So I don’t own a TV. I don’t own a TV the way an alcoholic doesn’t keep vodka in the freezer. When I’m at my most stressed sinking into the story of someone else’s life is better than crack. Hulu.com’s putting of everything on the computer… well, I can feel Alec Baldwin’s finger checking my ear like in the commercial and it is, not, not good. (Shudder) My counter attack is to destroy my computers ability to see any of that gooey lovely time drain.This is where the hosts file comes in. Quoting “Cisco Networking Academy Program: First-Year Companion Guide” via Wikipedia:
“The hosts file is a computer file used by an operating system to map hostnames to IP addresses. This method is one of several methods used by an operating system to locate network nodes on a computer network. On many operating systems, the host file content is used preferentially over other methods, such as the Domain Name System (DNS). Unlike DNS, the hosts file is under the control of the local computer’s administrator.”
Translation: Every website has its real location on the network, its phone number if you will, called an Internet Protocol (IP) address. There is a big contact-book called the DNS system that puts in names for addresses. You can change your computer’s local copy of that contact list for specific sites through the hosts file.There are a lot of practical ad-killing, malware busting applications for this. Checking the cookies in your browser reveals all sorts of web addresses you never knew you “visited” because the web pages you’ve gone to have loaded in ads and plug-ins, etc, that aren’t hosted on their own servers. Once you know how to block one, you can block whatever you like. The steps are as follows:
- Pick a new IP to see instead
- Open & edit your Hosts file
- Save / Reboot
Picking a new IP
There are some options for this.
- If you are running your own server, locally or otherwise, you know an IP you can use already that has custom content on it and everything.
- You can also look up the IP addresses of any website you like using a service like ip-lookup.net‘s domain look up tool. There are lots of these services that do checks (whois.net, for example ) but I like ip-lookup.net because there is nothing blinking on the pages or up sells for reports, etc. Keep in mind if the website you choose “changes its phone number” by the company or organization moving where it hosts it website you will need to manually update your hosts file again to reflect the new address.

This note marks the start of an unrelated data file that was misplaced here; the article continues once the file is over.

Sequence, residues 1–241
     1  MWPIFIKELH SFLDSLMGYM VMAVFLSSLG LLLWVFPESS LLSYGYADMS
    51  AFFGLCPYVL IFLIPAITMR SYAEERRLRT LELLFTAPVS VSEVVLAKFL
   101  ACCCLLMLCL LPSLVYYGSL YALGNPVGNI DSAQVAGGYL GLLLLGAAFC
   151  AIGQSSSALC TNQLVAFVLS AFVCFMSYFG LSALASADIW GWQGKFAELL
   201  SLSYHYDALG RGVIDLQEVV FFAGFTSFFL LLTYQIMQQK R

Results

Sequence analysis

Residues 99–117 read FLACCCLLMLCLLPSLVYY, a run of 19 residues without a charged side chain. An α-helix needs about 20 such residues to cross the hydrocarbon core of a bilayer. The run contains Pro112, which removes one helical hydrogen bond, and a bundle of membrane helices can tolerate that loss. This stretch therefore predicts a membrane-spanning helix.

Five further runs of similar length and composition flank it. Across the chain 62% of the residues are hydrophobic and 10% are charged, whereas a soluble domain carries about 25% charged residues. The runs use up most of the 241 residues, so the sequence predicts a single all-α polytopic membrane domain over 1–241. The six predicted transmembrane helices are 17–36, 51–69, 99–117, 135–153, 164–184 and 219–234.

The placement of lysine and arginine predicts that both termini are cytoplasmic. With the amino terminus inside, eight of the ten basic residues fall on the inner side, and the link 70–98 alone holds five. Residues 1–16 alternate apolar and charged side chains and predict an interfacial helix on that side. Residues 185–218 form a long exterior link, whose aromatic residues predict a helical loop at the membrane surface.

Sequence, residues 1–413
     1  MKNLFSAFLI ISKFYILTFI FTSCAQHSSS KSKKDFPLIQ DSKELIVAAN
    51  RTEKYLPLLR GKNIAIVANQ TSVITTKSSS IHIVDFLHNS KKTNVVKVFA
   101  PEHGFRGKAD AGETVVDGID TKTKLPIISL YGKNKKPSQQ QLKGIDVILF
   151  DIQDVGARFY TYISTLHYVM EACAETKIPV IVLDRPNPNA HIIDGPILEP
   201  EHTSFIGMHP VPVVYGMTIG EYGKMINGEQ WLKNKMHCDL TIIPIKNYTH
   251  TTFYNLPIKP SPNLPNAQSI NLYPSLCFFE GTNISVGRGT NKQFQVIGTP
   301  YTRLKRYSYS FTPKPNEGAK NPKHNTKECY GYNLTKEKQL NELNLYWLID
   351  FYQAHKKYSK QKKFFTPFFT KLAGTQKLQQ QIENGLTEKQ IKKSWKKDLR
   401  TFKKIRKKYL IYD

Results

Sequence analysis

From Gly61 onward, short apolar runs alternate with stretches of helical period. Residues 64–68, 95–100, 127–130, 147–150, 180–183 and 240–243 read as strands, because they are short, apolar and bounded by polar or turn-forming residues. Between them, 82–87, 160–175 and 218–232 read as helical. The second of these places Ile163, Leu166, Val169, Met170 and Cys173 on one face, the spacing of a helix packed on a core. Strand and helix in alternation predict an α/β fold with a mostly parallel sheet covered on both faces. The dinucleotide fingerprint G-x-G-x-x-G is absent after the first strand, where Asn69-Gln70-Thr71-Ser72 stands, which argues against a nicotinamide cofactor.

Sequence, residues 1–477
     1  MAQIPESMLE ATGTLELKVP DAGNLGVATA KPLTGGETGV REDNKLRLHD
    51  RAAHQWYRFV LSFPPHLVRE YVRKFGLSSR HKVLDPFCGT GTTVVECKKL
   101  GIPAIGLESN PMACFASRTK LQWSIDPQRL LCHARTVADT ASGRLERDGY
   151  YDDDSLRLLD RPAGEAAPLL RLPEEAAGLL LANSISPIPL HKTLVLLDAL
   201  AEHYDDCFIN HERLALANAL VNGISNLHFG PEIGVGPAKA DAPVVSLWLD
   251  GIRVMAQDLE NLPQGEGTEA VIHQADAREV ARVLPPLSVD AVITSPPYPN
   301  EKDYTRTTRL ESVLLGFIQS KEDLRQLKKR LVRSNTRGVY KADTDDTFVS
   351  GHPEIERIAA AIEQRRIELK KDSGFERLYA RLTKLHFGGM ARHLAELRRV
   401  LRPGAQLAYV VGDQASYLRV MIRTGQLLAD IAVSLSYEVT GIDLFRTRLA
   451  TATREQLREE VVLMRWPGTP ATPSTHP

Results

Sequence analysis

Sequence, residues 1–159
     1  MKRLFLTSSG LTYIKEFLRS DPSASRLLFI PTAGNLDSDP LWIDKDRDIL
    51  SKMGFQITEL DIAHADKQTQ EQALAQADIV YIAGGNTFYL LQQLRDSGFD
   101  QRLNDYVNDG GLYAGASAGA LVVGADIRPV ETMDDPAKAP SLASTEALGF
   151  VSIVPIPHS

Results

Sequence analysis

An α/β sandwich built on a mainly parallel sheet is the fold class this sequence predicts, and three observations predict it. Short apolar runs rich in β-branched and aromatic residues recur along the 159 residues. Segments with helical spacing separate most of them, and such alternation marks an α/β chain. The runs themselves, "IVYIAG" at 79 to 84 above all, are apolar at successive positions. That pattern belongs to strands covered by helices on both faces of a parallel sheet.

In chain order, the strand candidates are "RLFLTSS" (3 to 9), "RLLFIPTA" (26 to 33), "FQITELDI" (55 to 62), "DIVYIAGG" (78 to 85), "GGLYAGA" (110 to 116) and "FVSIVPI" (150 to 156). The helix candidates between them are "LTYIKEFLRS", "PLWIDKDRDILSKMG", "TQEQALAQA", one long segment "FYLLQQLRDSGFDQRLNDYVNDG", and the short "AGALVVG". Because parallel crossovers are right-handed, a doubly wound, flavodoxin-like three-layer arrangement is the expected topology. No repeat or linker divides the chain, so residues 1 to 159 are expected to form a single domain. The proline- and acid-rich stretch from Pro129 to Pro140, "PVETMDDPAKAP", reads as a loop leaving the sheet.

- Another option is a “dead” IP like 0.0.0.0 or 255.0.0.0 which just go nowhere.
I’m going to pick Ad Busters at 18.104.22.168 for now.Find & open your hosts file Again wikipedia to the rescue… there is a nice little table there for a number of platforms. I’m on Mac OS X so the location of the file is /private/etc/hosts To open and edit this file there are a couple of choices. I own a copy of BBEdit so I can open that and use the Open By File Name option (⌘D) and paste the location there. BBEdit is great because it will let you change files that belong to the system without doing something called “logging in as the root user”. If you don’t have something that will let you edit system files on your computer, then this gets a bit trickier, and the direction here are going to get very Apple specific.
- Follow the directions enable your root user: Apple KBase on Root User
- Re log-in as the root (user name “root”, password the one you just made, root won’t be listed as one of the users, you may have to select “Other” or something like that)
- Open TextEdit in the Applications folder
- Select File > Open
- There should be a search bar in the top right corner of the window that will actually let you type in the path to the hosts file, type the path starting with the forward slash.
- Make sure the hosts file is highlighted and hit Open
However you got here, you should see something like this: